We invite all medievalists who share Camedieval’s goals to contribute to the blog.
To propose a piece, please email an informal abstract of the piece (up to 150 words) and a very brief bio to email@example.com.
Our editorial policy is light-touch. The convenors will manage the submission process, ensure that the language of our posts is accessible, and moderate the comments. Otherwise, Camedieval is a platform for your voices, not ours.
We accept submissions in two different forms:
1. A piece of writing of anywhere up to 2000 words, in accessible language with as few footnotes as possible. The piece may stand alone or it may respond to a linked text from, for example, a media outlet or academic publication.
We hope that submissions in this category will challenge public misuses of medieval history, encourage medievalists to address equally relevant questions in their own work, and confront problems of all kinds in the academic field of medieval studies.
2. A curated and annotated reading list of up to 15 items which offers an interdisciplinary starting point for learning or thinking by medievalists unfamiliar with an important or relevant topic. Examples of such topics include but are not limited to race, disability, class, gender, sexuality, or the non-human world in the medieval period.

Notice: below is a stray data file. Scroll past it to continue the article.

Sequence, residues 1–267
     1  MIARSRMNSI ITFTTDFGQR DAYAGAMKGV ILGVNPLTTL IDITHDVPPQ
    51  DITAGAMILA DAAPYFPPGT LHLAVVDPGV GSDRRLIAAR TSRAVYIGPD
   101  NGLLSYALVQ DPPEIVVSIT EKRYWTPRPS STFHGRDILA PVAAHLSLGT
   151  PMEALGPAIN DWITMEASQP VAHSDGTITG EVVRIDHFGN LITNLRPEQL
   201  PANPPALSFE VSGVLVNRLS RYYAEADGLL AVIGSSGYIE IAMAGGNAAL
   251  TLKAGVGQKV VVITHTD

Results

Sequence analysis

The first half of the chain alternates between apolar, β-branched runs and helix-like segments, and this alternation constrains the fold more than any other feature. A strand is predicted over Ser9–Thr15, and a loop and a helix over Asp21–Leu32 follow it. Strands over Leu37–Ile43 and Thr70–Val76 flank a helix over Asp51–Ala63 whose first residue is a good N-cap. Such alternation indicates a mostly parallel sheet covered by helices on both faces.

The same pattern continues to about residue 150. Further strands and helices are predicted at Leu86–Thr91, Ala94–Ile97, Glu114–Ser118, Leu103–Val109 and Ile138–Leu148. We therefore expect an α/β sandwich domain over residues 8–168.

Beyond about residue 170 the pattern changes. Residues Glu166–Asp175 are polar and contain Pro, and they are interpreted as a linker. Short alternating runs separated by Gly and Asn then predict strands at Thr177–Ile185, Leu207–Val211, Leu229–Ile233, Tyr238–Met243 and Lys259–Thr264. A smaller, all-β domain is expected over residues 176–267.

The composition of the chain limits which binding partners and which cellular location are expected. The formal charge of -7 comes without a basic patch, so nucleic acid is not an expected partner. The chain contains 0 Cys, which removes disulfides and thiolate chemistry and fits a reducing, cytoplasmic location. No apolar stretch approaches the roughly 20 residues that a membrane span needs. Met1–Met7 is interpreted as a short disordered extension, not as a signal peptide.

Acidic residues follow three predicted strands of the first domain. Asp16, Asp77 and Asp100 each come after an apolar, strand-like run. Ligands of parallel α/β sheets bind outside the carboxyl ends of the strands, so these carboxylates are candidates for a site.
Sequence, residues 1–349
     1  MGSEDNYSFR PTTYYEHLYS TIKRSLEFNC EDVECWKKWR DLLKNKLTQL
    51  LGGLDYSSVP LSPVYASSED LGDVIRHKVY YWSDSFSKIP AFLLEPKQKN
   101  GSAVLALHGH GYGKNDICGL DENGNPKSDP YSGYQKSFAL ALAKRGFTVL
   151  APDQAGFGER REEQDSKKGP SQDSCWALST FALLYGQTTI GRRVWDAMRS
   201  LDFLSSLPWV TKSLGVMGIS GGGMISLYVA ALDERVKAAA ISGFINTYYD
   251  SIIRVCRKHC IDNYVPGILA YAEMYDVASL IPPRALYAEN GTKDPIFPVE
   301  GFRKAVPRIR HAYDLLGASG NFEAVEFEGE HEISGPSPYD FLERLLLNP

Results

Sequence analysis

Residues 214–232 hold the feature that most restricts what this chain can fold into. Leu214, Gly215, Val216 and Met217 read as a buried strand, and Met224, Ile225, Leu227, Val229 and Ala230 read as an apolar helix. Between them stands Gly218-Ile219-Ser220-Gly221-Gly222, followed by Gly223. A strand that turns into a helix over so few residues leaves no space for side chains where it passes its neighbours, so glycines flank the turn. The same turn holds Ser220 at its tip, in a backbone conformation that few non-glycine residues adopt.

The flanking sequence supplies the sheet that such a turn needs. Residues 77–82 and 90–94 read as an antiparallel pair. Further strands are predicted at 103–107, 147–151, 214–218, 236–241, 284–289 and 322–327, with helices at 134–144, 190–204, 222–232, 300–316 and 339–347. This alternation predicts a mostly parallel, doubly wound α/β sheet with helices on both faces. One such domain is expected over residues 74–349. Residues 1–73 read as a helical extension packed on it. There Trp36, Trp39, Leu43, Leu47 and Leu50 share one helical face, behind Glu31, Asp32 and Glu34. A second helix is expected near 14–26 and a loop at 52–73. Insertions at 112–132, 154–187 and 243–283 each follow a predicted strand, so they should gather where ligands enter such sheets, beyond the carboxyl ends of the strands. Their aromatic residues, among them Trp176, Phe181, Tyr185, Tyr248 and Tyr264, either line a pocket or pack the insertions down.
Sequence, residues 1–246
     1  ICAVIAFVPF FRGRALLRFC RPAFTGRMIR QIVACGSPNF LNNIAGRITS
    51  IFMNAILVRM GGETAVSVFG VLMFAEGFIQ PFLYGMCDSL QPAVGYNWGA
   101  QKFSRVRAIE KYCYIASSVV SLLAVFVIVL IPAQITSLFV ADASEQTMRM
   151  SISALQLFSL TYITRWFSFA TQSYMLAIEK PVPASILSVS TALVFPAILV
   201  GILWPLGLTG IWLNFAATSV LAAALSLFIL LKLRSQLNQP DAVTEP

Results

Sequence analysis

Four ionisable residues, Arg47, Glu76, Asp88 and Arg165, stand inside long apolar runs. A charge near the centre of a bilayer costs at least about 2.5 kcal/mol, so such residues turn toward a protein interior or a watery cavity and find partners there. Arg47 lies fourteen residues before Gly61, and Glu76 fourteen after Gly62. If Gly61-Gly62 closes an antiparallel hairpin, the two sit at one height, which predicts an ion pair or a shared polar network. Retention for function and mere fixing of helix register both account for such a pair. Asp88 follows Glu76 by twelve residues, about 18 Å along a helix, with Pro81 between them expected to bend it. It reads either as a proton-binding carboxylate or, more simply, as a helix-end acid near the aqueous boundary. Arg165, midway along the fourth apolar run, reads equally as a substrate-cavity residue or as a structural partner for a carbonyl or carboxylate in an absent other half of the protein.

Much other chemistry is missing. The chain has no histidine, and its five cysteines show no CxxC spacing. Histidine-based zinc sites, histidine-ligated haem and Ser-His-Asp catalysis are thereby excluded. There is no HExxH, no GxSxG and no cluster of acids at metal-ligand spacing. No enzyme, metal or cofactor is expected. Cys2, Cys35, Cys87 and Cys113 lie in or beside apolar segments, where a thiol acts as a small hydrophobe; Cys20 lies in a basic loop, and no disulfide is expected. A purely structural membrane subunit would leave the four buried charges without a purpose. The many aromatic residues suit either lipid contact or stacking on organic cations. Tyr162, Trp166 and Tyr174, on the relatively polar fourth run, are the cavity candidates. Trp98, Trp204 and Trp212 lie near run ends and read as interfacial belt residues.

We hope that submissions in this category will provide medievalists with the tools to approach and incorporate such topics in their own thinking or writing and will stimulate conversations between medievalists about the best ways of doing so.
We are especially keen to post writing by graduate students and we encourage a broad geographical and temporal conception of the medieval world. If you think it is “medieval”, we do too!
All published posts will be freely accessible and will be open for comments by readers, which the editors will pre-moderate. We encourage submitters to engage in these conversations in the comments section.
Posts should be written in an easily approachable style and in the English language where possible, without assuming that readers can access or are familiar with any cited texts. Submitters should supply any quotes from medieval sources in translation, and include the original only where it is relevant – for example, if you are discussing a technical point about the vocabulary or syntax.
If you have any questions about submitting, feel free to contact us.